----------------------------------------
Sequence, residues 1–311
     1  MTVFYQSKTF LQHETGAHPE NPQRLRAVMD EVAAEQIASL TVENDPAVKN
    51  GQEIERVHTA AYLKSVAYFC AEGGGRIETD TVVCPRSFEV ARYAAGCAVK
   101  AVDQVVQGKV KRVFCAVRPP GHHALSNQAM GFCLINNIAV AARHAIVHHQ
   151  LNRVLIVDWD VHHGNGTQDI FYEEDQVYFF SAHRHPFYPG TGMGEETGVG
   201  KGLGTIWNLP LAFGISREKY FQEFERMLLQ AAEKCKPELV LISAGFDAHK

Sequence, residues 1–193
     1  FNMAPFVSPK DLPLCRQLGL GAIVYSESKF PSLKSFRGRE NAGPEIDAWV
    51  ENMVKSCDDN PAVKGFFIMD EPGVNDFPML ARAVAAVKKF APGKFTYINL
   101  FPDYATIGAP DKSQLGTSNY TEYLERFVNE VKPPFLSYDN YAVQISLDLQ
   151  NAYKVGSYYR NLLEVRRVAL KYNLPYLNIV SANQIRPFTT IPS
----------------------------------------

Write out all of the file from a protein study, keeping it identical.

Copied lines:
Sequence, residues 1–311
     1  MTVFYQSKTF LQHETGAHPE NPQRLRAVMD EVAAEQIASL TVENDPAVKN
    51  GQEIERVHTA AYLKSVAYFC AEGGGRIETD TVVCPRSFEV ARYAAGCAVK
   101  AVDQVVQGKV KRVFCAVRPP GHHALSNQAM GFCLINNIAV AARHAIVHHQ
   151  LNRVLIVDWD VHHGNGTQDI FYEEDQVYFF SAHRHPFYPG TGMGEETGVG
   201  KGLGTIWNLP LAFGISREKY FQEFERMLLQ AAEKCKPELV LISAGFDAHK

Sequence, residues 1–193
     1  FNMAPFVSPK DLPLCRQLGL GAIVYSESKF PSLKSFRGRE NAGPEIDAWV
    51  ENMVKSCDDN PAVKGFFIMD EPGVNDFPML ARAVAAVKKF APGKFTYINL
   101  FPDYATIGAP DKSQLGTSNY TEYLERFVNE VKPPFLSYDN YAVQISLDLQ
   151  NAYKVGSYYR NLLEVRRVAL KYNLPYLNIV SANQIRPFTT IPS